- Europe’s virtual border-guards create e-commerce roadblocks A borderless Europe is still a dream for companies selling their wares online, with cross-border purchases attracting a range of regulatory and practical obstacles.
- The importance of trust With EU citizens expected to conduct so much of their business online, securing personal data is vital.
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- An avoidable assassin: deflecting cardiovascular disease
- Cardiovascular disease: fighting for survival
As well as killing millions of Europeans every year, CVD imposes a major economic burden.
Effective treatments have been available for many years, but much more needs to be done at a policy level.
This report is funded by AstraZeneca. It is based on independent research undertaken by European Voice. AstraZeneca has had no editorial control over the content.
- Cardiovascular disease: getting to the very heart of the matter In six EU countries costs of cardiovascular disease are estimated at just over €102bn.
- Cardiovascular disease: the global impact About two-thirds of global deaths are due to non-communicable diseases.
- Secondary prevention National planning failures and lack of funds are among the reasons for divergent outcomes in Europe and beyond.
- Cardiovascular disease: a guide through the guidelines There are so many guidelines available that doctors find it difficult to keep abreast of the latest recommendations.
The European Commission is reviewing the European Union’s rules on copyright. This timely special report discusses what is at stake, who stands to lose and to gain, and explains why.
- Copyrights and wrongs
- Who are copyright holders?
- A short history of EU copyright reform plans
Reform of the EU’s copyright rules has been a hot topic for years, but with no effect. That may be about to change.
Copyright is big business for Europe, and its scope extends far beyond authors and performers.
Aborted reforms and bitter divisions over copyright are not new, nor is the need to update copyright law as technology changes.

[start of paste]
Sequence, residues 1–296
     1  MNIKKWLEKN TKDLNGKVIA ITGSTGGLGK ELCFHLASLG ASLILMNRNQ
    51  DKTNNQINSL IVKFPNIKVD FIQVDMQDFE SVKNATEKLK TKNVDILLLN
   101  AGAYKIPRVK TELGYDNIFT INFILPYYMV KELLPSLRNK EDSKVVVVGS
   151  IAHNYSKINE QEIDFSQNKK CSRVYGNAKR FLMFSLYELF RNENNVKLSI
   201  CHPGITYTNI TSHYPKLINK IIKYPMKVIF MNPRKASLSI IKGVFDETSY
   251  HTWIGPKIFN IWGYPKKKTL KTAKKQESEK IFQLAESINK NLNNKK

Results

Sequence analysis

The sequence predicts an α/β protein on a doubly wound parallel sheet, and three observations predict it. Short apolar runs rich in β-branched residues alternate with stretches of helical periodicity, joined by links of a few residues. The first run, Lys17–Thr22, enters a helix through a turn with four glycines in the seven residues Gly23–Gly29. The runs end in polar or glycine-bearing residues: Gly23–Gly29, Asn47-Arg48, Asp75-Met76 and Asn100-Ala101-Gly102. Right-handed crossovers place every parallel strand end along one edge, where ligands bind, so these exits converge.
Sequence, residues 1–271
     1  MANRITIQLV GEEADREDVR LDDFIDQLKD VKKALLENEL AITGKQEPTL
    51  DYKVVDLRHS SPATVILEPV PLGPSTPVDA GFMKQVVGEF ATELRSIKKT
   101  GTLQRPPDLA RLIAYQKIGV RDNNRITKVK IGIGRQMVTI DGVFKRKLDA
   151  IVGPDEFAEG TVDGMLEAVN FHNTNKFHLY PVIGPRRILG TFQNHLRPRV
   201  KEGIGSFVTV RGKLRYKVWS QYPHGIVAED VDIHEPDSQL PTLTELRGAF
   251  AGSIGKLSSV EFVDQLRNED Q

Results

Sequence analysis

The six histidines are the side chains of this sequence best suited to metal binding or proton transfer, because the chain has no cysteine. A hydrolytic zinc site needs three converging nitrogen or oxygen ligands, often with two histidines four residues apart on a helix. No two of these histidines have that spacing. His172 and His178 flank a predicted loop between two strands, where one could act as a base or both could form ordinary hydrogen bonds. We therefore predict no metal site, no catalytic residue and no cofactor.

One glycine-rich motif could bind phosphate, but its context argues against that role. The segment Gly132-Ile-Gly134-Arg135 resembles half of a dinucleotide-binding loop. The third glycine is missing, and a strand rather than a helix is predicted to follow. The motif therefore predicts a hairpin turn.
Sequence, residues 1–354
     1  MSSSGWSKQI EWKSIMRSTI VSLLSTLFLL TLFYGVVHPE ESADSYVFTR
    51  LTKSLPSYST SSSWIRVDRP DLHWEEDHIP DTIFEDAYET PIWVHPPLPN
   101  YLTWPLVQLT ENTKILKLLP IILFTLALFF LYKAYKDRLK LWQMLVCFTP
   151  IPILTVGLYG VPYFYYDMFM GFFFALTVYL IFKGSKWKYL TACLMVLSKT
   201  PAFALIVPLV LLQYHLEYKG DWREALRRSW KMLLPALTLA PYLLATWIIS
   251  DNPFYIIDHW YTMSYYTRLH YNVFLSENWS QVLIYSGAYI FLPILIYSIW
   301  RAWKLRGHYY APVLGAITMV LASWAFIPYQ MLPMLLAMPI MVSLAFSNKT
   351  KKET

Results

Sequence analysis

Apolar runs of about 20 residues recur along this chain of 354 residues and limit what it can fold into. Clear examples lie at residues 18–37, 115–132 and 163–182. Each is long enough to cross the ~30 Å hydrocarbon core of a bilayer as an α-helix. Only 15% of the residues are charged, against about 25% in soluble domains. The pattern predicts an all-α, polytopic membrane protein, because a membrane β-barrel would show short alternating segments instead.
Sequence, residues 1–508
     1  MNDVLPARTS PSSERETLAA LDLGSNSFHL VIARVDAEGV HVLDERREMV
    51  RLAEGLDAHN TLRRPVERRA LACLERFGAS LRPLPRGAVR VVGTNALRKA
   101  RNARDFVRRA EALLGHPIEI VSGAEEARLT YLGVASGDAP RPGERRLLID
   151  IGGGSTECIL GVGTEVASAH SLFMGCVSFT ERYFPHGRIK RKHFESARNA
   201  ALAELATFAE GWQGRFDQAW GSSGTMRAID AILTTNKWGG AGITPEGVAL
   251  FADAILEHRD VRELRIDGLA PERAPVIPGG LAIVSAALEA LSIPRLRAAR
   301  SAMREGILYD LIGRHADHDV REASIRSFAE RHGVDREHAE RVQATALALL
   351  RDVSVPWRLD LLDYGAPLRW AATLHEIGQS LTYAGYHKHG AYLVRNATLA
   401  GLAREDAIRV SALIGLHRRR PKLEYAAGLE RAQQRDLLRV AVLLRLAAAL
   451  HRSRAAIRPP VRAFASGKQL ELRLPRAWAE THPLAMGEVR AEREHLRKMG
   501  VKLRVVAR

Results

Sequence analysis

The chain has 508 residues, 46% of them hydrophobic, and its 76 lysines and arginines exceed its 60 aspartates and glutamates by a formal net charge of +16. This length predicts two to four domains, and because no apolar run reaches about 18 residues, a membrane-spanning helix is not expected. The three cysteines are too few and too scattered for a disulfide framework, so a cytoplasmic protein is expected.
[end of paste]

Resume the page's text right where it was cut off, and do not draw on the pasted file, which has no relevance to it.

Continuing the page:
- Copyright: old rules in a digital age Technological advances have put Europe’s copyright laws to the test.
- Copyright: a cross-border conundrum Being able to gain access to content in one country but not another is frustrating for consumers and legislators alike.
- Copyright winners and losers An ongoing competition case could force member states to clarify their positions on copyright reform.
- Copyright – defending creativity Most stakeholders agree that authors and performers are under-remunerated under the current system, but there is disagreement over how to respond.
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European Voice’s special report examines how climate change policy is developing outside the confines of inter-governmental talks. Increasingly, the private sector is shaping climate-change thinking – and arguably to greater effect.
- Climate change: after the cold snap Combating climate change has slipped way down as a priority for many politicians and companies. A major climate summit could change that.
- Anatomy of a climate deal EU leaders have made a commitment to cut emissions, but the deal is riddled with compromises.
- Climate change: the long road to Paris Paris 2015 is the big international climate summit, but much of its success rests on a meeting in Peru later this year.
- Climate champion Connie Hedegaard moves on The first European commissioner dedicated to climate change, whose term ended on 1 November, says there have been victories and frustrations over her five years in office.
- Forests face the brunt of changes in the weather An increased likelihood of prolonged drought, extreme storms and flooding will pose a serious challenge for Europe’s forests.
- Private sector picks up the pieces Many regional governments and businesses have played their part in tackling climate change.
Establishing a strategic healthcare policy for the European Union.
- Healthcare: old problems, new threats
- Paying the price for ill-health
- Advancing technology in healthcare
- The healthcare sector's budgetary breakdown
Healthcare systems across Europe were feeling the pressure long before the Ebola crisis imposed new strains.
How to get better value in healthcare – and to ease disparities between health systems in member states – is driving healthcare thinking in the EU.
Technology has brought a sudden wave of new routes to transforming healthcare, but can doctors and patients keep up with innovation?